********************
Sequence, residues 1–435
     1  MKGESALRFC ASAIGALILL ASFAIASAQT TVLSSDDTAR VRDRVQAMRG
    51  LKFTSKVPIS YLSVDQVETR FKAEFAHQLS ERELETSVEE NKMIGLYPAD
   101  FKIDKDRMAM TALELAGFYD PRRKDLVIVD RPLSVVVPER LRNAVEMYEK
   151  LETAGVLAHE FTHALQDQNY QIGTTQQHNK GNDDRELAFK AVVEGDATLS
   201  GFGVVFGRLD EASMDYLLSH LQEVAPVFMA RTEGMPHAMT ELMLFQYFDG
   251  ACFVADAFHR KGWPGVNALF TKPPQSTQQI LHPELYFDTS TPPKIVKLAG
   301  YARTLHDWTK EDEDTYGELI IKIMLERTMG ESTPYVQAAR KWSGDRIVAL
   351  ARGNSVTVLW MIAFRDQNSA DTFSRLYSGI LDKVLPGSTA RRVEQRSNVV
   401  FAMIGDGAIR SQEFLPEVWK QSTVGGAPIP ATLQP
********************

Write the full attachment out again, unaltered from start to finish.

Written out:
Sequence, residues 1–435
     1  MKGESALRFC ASAIGALILL ASFAIASAQT TVLSSDDTAR VRDRVQAMRG
    51  LKFTSKVPIS YLSVDQVETR FKAEFAHQLS ERELETSVEE NKMIGLYPAD
   101  FKIDKDRMAM TALELAGFYD PRRKDLVIVD RPLSVVVPER LRNAVEMYEK
   151  LETAGVLAHE FTHALQDQNY QIGTTQQHNK GNDDRELAFK AVVEGDATLS
   201  GFGVVFGRLD EASMDYLLSH LQEVAPVFMA RTEGMPHAMT ELMLFQYFDG
   251  ACFVADAFHR KGWPGVNALF TKPPQSTQQI LHPELYFDTS TPPKIVKLAG
   301  YARTLHDWTK EDEDTYGELI IKIMLERTMG ESTPYVQAAR KWSGDRIVAL
   351  ARGNSVTVLW MIAFRDQNSA DTFSRLYSGI LDKVLPGSTA RRVEQRSNVV
   401  FAMIGDGAIR SQEFLPEVWK QSTVGGAPIP ATLQP